I like a mix of different approaches with my favourite classical works. For Don Giovanni, the opera by Wolfgang Amadeus Mozart, there are three clear choices, which critics (at least in the UK and Europe) unanimously highlight.
1. Don Giovanni: The Traditional Account
Don Giovanni performed by the Philharmonia Chorus and Orchestra, conducted by Carlo Maria Giulini and issued on EMI (Amazon affiliate link). The wonderful cast includes Eberhard Wachter, Elizabeth Schwarzkopf and Dame joan Sutherland.
The Penguin Guide to Classical Music 2003/4 (2009 version available here) designates this as a ‘key recording’:
Sets the standard by which all other recordings have come to be judged. Elizabeth Schwarzkopf, as Elvira, emerges as a dominant figure to give a distinctive but totally apt slant to this endlessly invigorating drama.
The Gramaphone Classical Music Guide 2005 (2009 version available here) also rates this highly:
Although this set is over 40 years olds, none of its successors is as skilled in capturing the piece’s drama so unerringly… one of the most apt casts every assembled for the piece.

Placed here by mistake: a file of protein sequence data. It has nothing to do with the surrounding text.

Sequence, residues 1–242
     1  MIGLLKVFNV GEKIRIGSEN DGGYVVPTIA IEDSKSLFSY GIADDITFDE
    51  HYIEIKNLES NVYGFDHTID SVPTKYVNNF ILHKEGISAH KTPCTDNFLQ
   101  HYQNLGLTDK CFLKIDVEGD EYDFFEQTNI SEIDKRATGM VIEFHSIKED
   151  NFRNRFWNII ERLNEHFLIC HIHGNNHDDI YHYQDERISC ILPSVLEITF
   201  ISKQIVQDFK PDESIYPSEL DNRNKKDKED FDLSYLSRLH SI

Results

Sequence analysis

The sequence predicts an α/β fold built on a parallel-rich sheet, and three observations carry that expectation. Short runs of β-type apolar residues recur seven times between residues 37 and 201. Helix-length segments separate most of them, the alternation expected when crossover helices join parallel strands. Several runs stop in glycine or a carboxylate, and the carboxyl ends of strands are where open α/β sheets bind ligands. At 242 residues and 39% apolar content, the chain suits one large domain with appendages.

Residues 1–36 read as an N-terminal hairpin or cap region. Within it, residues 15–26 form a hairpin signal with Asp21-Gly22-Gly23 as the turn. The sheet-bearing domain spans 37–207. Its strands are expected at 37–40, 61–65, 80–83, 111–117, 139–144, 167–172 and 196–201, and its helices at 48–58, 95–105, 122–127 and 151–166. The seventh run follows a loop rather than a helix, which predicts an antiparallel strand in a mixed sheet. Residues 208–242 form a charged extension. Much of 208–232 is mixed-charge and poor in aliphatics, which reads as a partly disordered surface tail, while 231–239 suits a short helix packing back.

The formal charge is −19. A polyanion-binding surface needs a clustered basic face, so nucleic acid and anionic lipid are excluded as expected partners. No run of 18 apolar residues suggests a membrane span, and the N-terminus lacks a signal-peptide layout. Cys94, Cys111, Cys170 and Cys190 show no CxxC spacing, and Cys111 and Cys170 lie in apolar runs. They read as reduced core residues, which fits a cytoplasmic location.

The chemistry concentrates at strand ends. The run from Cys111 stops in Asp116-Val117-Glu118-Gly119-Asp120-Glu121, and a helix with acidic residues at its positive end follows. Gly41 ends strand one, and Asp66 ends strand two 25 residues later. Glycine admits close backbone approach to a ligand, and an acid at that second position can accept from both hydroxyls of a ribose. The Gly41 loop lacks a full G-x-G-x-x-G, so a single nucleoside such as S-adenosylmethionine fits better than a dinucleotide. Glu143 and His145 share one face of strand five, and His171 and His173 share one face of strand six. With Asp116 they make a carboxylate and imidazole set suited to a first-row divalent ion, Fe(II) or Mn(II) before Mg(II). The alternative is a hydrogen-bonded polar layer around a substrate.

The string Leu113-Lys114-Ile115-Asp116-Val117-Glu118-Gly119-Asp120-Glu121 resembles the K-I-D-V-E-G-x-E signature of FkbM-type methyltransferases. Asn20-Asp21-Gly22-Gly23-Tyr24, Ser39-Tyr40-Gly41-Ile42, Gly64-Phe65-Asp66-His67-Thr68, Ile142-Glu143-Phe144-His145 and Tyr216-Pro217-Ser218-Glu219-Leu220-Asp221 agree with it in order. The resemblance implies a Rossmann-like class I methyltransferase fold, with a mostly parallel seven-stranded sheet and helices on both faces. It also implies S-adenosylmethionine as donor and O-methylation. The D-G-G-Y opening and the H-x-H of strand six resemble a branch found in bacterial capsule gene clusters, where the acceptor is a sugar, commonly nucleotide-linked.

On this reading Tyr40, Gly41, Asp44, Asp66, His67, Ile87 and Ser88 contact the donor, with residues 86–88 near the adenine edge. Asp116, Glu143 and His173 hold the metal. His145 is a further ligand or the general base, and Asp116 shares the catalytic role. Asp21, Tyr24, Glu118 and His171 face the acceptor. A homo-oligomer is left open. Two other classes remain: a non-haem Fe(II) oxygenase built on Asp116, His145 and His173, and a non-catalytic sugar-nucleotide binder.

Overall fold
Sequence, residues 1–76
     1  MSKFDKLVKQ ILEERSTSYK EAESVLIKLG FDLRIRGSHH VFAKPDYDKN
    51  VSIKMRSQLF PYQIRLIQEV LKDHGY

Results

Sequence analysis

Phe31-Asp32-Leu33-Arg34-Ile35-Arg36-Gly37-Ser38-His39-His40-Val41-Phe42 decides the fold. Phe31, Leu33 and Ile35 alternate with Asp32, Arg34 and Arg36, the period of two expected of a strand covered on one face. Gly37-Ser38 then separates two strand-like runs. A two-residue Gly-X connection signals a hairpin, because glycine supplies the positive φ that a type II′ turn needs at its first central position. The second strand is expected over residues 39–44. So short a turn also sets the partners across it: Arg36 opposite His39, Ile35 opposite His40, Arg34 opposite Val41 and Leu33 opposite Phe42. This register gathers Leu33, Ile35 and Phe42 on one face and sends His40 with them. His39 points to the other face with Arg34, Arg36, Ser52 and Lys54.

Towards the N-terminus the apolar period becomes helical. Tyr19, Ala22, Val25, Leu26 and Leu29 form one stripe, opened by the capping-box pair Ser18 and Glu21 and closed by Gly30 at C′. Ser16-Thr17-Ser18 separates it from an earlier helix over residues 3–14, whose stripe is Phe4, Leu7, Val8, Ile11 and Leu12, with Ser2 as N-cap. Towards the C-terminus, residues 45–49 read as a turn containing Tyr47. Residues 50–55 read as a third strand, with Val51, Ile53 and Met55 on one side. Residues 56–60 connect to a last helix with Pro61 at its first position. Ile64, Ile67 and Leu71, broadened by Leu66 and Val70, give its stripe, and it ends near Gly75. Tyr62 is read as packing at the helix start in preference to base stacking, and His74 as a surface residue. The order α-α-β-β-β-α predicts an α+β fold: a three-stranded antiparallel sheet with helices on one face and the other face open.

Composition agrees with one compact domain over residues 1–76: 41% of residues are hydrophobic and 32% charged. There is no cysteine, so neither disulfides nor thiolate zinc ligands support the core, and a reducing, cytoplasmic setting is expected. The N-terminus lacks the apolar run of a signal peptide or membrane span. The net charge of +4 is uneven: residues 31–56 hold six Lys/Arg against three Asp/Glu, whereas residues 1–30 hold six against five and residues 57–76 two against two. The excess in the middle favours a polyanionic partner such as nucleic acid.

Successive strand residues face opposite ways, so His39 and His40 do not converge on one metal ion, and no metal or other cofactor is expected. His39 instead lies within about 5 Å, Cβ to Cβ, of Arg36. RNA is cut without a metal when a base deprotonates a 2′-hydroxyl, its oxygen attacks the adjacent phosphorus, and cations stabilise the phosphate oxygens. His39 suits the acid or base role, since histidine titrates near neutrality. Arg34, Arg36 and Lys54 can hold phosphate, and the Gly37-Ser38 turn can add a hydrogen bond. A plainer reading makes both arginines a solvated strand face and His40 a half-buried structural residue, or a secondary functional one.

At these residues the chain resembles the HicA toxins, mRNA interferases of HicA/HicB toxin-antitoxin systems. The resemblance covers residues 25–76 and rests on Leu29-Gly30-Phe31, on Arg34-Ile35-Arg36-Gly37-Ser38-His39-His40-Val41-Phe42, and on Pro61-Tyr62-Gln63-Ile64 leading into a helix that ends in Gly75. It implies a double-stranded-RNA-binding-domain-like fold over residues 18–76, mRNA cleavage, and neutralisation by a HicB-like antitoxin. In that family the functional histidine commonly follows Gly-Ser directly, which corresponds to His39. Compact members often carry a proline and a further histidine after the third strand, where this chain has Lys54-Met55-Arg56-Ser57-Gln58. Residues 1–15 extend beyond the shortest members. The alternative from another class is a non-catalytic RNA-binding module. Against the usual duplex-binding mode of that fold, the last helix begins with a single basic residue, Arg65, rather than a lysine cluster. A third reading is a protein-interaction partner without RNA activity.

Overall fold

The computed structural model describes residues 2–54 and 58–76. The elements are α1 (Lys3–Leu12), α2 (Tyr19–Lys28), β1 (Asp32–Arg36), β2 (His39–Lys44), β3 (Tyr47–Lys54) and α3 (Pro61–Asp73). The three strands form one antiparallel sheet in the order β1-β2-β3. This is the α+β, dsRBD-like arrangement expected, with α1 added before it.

2. Don Giovanni: The Live Period Instrument Version
Don Giovanni performed by the Monteverdi Choir and English Baroque Soloists, conducted by John Eliot Gardiner and issued on Archiv (Amazon affiliate link).
The Penguin Guide calls it ‘a recording that sets new standards for period performance and vies with the finest of traditional versions’:
John Eliot Gardiner’s set is recorded mainly live, and the result is vividly dramatic, beautifully paced nad deeply expressive. The performance culminates in one of the most thrilling accounts ever recorded of the final scene, when Giovanni is dragged down to hell.
The Gramphone Guide is equally effusive:
For sheer theatrical elan complemented by the live recording, Gardiner is among the best, particularly given a recording that’s wonderfully truthful and lifelike.
3. Don Giovanni: The Classic
Don Giovanni performed by the Vienna State Opera Chorus and the Vienna Philharmonic Orchestra, conducted by Josef Krips and issued on Decca (Amazon affiliate link).
I haven’t heard this myself, but the Penguin Guide gives this its highest honour, the coveted Rosette status:
Krips’s version, recorded in 1955 for the Mozart bicentennary, has remained at or near the top of the list of recommendations ever since. Its intense dramatic account of the Don’s disappearance into hell has rarely been equalled and never surpassed on CD. The finale to Act I is also electrifying. The reading is pretty age defying, full and warm, with a lovely Viennese glow which is preferable to many modern recordings.
If anyone has any other recommendations, please add them to the comments below.